Introduction to animal law
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Introduction to Animal Law. Steven White Lecturer, Griffith Law School Consultant, Couper Geysen Lawyers AELA – Voiceless – Griffith University Seminar: Protecting our evolutionary companions - do our laws measure up? Monday 12 May 2014. Overview. This presentation will:

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Introduction to animal law

Introduction to Animal Law

Steven White

Lecturer, Griffith Law School

Consultant, Couper Geysen Lawyers

AELA – Voiceless – Griffith University Seminar:

Protecting our evolutionary companions - do our laws measure up?

Monday 12 May 2014

Griffith Law School


Overview

Overview

  • This presentation will:

    • address the question ‘what is animal law?’

    • describe the development of animal law in Australia and internationally.

    • canvas some of the key principles and issue areas in animal law.

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What is animal law

What is Animal Law?

  • In the broadest sense:

    • legal doctrine in which the legal, social or biological nature of nonhuman animals is an important factor (Schaffner, An Introduction to Animals and the Law).

    • consistent with a ‘black letter’ approach to law.

    • focus on established doctrinal categories (eg property, contract, torts, administrative law, succession etc) and identify legislation and cases which in any way concern animals.

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What is animal law cont

What is Animal Law? (cont)

  • In a narrower sense, focus on animal protection:

    • places the animal at the centre of legal consideration.

    • concerned to improve the legal status and/or protection of animals.

    • draws on non-legal disciplinary knowledge including:

      • animal welfare science (scientific study of animal behaviour/sentiency);

      • ethics;

      • politics/political theory; and

      • sociology.

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Development of animal law

Development of Animal Law

  • In the United States:

    • first taught in 1986 in one law school, has now been taught in more than 100 law schools.

    • Center for Animal Law Studies (Lewis & Clark Law School, Portland, Oregon) – offers a suite of courses in animal law.

    • number of law journals established including:

      • Animal Law Review;

      • Journal of Animal and Environmental Law;

      • Journal of Animal Law; and

      • Stanford Journal of Animal Law and Policy.

    • comparatively well-resourced advocacy organisations: Animal Legal Defense Fund; Humane Society of the United States; PETA.

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Development of animal law cont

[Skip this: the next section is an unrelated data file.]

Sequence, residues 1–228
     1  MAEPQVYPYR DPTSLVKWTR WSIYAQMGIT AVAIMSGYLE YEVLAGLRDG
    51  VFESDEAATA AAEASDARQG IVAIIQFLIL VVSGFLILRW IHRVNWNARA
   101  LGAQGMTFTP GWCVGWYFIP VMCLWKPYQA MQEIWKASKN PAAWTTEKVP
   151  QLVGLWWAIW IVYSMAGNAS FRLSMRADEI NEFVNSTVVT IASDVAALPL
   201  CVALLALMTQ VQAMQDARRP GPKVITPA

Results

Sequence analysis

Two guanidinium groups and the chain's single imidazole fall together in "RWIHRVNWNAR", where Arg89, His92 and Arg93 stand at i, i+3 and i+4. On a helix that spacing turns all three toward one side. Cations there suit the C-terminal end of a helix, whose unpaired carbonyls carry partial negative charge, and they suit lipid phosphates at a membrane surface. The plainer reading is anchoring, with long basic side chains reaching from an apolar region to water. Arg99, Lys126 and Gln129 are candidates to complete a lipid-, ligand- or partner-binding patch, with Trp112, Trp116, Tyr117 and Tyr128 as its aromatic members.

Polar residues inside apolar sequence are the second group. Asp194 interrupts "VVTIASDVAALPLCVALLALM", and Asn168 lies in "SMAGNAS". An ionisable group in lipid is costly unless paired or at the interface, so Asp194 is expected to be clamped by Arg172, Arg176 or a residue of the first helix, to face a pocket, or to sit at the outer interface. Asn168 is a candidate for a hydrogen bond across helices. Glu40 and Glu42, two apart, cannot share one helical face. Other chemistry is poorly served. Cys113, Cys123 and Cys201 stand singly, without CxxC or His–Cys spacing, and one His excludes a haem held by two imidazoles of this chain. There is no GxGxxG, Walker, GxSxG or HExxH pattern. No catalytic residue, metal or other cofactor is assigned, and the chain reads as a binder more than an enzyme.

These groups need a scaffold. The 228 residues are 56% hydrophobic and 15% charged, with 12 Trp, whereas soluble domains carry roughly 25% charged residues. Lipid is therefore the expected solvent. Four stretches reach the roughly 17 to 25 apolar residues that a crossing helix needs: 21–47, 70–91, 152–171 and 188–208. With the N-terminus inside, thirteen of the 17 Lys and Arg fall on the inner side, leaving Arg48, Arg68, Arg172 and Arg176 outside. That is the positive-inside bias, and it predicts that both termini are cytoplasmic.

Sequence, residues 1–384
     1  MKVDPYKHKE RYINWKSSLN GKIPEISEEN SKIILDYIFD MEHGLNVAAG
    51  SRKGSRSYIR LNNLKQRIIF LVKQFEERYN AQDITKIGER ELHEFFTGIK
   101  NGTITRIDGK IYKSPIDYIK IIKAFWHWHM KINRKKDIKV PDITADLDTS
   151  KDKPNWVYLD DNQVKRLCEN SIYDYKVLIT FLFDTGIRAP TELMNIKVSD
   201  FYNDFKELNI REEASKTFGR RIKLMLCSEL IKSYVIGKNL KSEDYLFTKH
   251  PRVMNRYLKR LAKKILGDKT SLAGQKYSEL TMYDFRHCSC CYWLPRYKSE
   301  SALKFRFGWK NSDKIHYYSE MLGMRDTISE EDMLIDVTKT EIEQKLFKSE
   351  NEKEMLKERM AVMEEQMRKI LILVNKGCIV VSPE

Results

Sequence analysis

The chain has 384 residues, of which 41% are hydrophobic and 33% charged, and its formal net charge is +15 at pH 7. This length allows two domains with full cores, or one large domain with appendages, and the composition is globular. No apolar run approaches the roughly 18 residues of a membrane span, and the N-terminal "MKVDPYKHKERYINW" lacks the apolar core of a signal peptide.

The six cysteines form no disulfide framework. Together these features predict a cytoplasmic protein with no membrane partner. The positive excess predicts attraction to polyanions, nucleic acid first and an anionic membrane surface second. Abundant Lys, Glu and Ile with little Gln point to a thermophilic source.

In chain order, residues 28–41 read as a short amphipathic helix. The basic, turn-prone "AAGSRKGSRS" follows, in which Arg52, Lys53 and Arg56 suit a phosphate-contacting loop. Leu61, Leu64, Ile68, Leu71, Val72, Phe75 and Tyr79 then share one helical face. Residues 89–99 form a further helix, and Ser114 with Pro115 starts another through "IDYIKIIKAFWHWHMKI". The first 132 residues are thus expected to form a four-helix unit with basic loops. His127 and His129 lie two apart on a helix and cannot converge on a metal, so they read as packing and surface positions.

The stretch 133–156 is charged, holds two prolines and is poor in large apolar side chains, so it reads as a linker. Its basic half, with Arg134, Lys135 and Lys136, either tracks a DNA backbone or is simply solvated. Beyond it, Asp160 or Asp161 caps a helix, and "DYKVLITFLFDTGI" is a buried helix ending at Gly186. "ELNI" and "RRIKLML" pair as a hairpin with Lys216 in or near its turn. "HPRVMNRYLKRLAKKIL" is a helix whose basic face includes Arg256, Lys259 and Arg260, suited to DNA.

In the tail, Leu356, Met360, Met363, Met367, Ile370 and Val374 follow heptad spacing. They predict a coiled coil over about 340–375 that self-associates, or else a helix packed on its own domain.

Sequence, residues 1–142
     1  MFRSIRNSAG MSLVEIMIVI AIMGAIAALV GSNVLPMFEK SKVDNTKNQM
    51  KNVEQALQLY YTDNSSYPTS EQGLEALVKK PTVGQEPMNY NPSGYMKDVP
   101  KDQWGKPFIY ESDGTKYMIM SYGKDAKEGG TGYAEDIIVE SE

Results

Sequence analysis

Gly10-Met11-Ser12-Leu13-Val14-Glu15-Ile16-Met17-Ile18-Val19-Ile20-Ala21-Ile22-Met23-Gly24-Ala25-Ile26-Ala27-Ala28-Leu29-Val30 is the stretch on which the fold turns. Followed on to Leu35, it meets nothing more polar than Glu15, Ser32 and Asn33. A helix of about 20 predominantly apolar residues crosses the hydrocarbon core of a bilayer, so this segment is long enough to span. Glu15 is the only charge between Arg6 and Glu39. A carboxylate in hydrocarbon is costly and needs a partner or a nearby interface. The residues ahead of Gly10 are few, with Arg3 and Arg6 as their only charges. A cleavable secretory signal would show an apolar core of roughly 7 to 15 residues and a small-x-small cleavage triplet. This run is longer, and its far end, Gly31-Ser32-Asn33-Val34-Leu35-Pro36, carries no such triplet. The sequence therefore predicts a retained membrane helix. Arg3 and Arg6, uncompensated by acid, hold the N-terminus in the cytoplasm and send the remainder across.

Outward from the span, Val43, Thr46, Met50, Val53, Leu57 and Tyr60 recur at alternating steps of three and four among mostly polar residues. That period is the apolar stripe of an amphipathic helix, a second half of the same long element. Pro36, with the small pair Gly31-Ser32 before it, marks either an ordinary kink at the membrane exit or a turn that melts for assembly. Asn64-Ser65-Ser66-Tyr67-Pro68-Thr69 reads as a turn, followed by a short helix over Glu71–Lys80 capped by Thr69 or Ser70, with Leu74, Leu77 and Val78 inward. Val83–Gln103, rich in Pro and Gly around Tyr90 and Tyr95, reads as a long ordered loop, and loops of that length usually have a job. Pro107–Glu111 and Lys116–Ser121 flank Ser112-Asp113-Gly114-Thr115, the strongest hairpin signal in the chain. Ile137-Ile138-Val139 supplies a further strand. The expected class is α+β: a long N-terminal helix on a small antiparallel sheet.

Development of Animal Law (cont)

  • In Australia:

    • first offered by UNSW in 2005. Thirteen universities offer or have since offered animal law: Adelaide, ANU, Bond, Flinders, Griffith, Macquarie, Melbourne, SCU, Sydney, Tasmania, UNSW, UTS & Wollongong.

    • Australian Animal Protection Law Journal established in 2008.

    • a plethora of new texts (see over), as well as a freely accessible e-book: Animal Law: Principles and Frontiers (Graeme McEwen, 2011 http://bawp.org.au/animal-law-e-book/) .

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Development of animal law cont1

Animal Law in Australasia (2nd ed, 2013; 1st ed 2009)

Animal Law in Aust (2011)

Humanising Animals, Civilising People (2012)

Animal Law in Aust & NZ (2010)

Development of Animal Law (cont)


Development of animal law cont2

Development of Animal Law (cont)

  • Animal law practice and/or advocacy:

    • Voiceless.

    • Barristers Animal Welfare Panel (national).

    • BLEATS (Qld).

    • Animal Welfare Community Legal Centre (Tas).

    • Pro Bono Animal Law Service (PILCH in Vic and NSW).

    • Couper Geysen Lawyers (Brisbane) – first private practice firm in Australia to specialise in animal law.

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Foundation principles in animal law

Foundation Principles in Animal Law

  • First things first:

    • Why and how do animals matter?

      • a moral/ethical question.

      • obligations owed to animals:

        • animal welfare: prevailing approach - humane treatment only to extent doesn’t interfere with human interests, even where those interests trivial.

        • animal interests: weigh up human and animal interests, without devaluing animal interests.

        • animal rights: cognition and/or sentiency of animals demands recognition of animals as bearers of rights.

      • many other ways of thinking about why we have obligations to animals: kinship, antidiscrimination, capabilities, etc.

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Foundation principles in animal law cont

Foundation Principles in Animal Law (cont)

  • What is an ‘animal’ in law?